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United States Department of Agriculture

Agricultural Research Service

Farming and Natural Resources

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Farming and Natural Resources

Biological science technician uses a pressure bomb to compare water status of plants.
At Temple, Texas, biological science technician Katherine Jones uses a pressure bomb to compare water status of plants growing under varying levels of carbon dioxide in the experimental CO²-gradient tunnel system.

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If you want to see how plants fared during the ice age—and how they might fare in the year 2050—enter the ARS "time machine" in Temple, Texas, in the Blackland Prairie.

During the ice age, Earth's atmospheric carbon dioxide level was roughly half of today's and one-third of that projected for 2050. How will the plants we depend on for survival respond to the future higher CO2 levels?

Tunneling Back to the CO2 Future

The "time machine" is more of a time tunnel—actually two low, parallel, plastic-walled tunnels—with prairie plants growing inside them. But if you could crawl through one tunnel, you would first breathe air having the CO2 levels predicted for the year 2050; that is, 550 parts per million (ppm). When you left this tunnel you'd be back in 1999, with its CO2 level of 350 ppm. On entering the second tunnel, you'd again find yourself in today's CO2 levels. But by the time you left, you'd be in the ice age—13,000 to 18,000 B.C.—when CO2 levels averaged only 200 ppm. Each tunnel is 60 yards long, 1 yard wide, and 1 yard high. Scientists inject enough CO2 in the first tunnel to reach 550 ppm. A fan blows air down the tunnel until the CO2level declines to 350 ppm. In the second tunnel, they introduce outside air with 350 ppm CO2. The CO2 gradually declines to the ice age level of 200 ppm as it moves down the tunnel.

ARS ecologist Hyrum B. Johnson came up with the unique idea of the tunnels, using plants to deplete the air of CO2 as they breathe it in. The fan varies its speed based on what CO2-detecting sensors tell a computer connected to the fan. If the CO2 level at one end drops too much, the fan speeds up.

Temple is 1 of about 80 ARS research locations around the country where research in the agency's natural resources and sustainable agricultural systems program area is done. Allen R. Dedrick, who heads the program, says that "under natural resources, we include resources such as healthy soil, clean air and water, wildlife, and open spaces. "When we're talking about natural resources potentially affected by agriculture, we need to consider all of this country's 3 million-plus square miles of land," says Dedrick. "ARS seeks to enhance the quality of the environment through better understanding of and building on agriculture's complex links with soil, water, air, and biological resources. Our research mission boils down to mitigating any possible adverse effects on the environment from animal or plant production."

An aerial view of two CO²-gradient tunnels.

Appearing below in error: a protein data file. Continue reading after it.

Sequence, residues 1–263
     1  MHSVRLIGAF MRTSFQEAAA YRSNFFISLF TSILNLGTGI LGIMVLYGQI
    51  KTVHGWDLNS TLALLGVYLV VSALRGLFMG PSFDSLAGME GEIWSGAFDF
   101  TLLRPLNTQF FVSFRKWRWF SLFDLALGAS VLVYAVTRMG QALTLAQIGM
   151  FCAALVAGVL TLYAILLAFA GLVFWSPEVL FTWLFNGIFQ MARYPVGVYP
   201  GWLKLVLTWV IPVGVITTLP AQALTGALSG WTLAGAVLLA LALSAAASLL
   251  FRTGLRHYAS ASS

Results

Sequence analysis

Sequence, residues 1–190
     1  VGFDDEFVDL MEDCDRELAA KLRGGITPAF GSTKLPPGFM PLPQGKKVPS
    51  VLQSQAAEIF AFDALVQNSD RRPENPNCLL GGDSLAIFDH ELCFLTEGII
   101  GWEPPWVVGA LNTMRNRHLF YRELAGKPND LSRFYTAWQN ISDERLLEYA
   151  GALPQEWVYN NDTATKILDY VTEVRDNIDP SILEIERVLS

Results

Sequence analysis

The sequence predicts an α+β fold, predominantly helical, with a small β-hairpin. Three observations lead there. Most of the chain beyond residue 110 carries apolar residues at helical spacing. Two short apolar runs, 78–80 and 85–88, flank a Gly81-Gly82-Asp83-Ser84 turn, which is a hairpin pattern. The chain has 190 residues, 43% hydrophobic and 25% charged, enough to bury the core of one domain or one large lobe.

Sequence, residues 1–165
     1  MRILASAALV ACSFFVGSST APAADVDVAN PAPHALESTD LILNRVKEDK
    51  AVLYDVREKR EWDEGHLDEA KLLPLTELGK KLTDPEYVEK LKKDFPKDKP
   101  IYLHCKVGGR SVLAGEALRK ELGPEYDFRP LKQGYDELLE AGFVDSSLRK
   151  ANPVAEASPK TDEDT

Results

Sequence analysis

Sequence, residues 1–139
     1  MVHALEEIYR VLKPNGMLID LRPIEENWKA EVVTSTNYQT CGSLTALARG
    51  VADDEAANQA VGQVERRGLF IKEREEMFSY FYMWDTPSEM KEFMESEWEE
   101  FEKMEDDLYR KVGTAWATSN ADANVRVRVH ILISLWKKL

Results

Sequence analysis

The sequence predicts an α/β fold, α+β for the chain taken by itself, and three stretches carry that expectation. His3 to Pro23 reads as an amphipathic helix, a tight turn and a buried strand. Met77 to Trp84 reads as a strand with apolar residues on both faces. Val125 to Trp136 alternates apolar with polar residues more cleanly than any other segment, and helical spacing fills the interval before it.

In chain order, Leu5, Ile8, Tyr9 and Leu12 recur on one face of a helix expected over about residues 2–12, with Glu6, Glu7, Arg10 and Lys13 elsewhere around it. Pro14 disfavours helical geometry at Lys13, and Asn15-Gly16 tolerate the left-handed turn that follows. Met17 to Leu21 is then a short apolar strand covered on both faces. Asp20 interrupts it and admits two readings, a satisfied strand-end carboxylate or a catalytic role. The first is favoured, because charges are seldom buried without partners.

An aerial view of the two CO²-gradient tunnels. In the tunnel on the left, plants grow under present-day to ice age CO² concentrations, while those in the tunnel on the right grow under CO² levels of today up to those predicted for 2050.

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ARS' CO2 research dates back to 1969, when Lowry A. Harper, at Watkinsville, Georgia, and Donald N. Baker, then an ARS agronomist at Starkville, Mississippi, conducted open-air CO2 studies on cropland. Baker is now retired.

Since then, ARS has expanded its research on the effects of higher CO2 levels and other aspects of climate change. For example, in the late 1980s, ARS began a series of free-air CO2-enrichment (FACE) studies to determine the effects of CO2on crops growing in the field in different parts of the country. The FACE experiments began with cotton in Arizona and Alabama, followed by wheat and grain sorghum.

These open-air studies have confirmed indoor chamber studies that showed that crop yields rise with increasing CO2 levels. Three years of data show that, on average, cotton yields increased between 30 and 40 percent with a doubling of the current CO2 level, while wheat yields rose 10 to 20 percent.

Climate change is one of the latest issues to come to the forefront, but it is far from the only one the ARS natural resources program is addressing.

Protecting Water Resources

Water quality—in terms of contamination by pesticides and nitrogen fertilizer—became an issue in the 1970s. Up until then, water quality had generally referred only to water clouded by eroded soil.

In 1990, ARS took the lead in a USDA water quality program across the Midwest, studying large areas called Management System Evaluation Areas (MSEA). Since then, the MSEA program has expanded beyond the Midwest, to include the Mississippi Delta and the Eastern Coastal Plains. Part of the impetus for the expansion into the Mississippi Delta was the annual appearance of hypoxic "dead zones" in the Gulf of Mexico, caused by the using up of available oxygen by excessive algal blooms.

"The MSEA program has resulted in more efficiency in nitrogen fertilizer use and subsequent reductions in nitrate contamination of water," Dedrick says. For example, farmers in one Iowa watershed study area reduced their nitrogen fertilizer applications by 50 pounds an acre on about 20 percent of the watershed. ARS scientists in the MSEA study areas also developed—and continue to develop—practices and technology that should lead to similar results nationwide. For example, a plant chlorophyll meter that tells farmers how much nitrogen a plant needs has proven valuable in guiding nitrogen applications.